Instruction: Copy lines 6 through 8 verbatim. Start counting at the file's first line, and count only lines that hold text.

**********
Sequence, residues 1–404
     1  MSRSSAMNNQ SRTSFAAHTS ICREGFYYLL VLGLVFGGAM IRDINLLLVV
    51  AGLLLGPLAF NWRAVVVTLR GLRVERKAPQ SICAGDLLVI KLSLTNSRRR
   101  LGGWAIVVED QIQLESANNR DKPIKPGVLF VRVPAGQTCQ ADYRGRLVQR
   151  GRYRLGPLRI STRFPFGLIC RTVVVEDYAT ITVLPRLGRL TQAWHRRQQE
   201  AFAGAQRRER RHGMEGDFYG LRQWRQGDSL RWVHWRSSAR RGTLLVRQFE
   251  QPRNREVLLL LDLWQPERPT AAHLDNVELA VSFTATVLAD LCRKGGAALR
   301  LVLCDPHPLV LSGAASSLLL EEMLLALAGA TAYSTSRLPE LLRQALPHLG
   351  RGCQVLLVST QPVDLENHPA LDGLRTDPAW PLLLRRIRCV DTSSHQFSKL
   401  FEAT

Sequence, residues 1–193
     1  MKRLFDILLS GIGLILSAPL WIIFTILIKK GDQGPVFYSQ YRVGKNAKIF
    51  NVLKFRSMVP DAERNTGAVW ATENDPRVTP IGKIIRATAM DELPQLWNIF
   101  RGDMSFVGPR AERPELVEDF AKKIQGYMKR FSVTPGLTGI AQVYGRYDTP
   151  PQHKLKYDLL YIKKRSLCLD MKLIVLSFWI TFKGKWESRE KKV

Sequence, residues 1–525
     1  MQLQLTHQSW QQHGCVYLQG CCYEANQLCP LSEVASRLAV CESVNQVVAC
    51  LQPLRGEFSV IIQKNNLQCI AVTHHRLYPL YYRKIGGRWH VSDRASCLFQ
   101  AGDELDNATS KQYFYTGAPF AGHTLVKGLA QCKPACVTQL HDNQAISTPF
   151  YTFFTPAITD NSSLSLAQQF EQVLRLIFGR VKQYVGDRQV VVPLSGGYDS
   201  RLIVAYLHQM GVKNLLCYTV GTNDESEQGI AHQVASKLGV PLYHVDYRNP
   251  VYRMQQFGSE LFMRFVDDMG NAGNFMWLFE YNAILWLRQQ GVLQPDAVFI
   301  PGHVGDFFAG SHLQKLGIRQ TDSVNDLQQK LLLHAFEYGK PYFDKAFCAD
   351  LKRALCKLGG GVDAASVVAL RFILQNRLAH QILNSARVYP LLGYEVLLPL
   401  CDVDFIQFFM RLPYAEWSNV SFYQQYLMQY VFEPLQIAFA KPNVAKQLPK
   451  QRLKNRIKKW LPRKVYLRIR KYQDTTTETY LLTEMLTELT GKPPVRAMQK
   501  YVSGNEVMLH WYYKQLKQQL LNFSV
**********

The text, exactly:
   201  AFAGAQRRER RHGMEGDFYG LRQWRQGDSL RWVHWRSSAR RGTLLVRQFE
   251  QPRNREVLLL LDLWQPERPT AAHLDNVELA VSFTATVLAD LCRKGGAALR
   301  LVLCDPHPLV LSGAASSLLL EEMLLALAGA TAYSTSRLPE LLRQALPHLG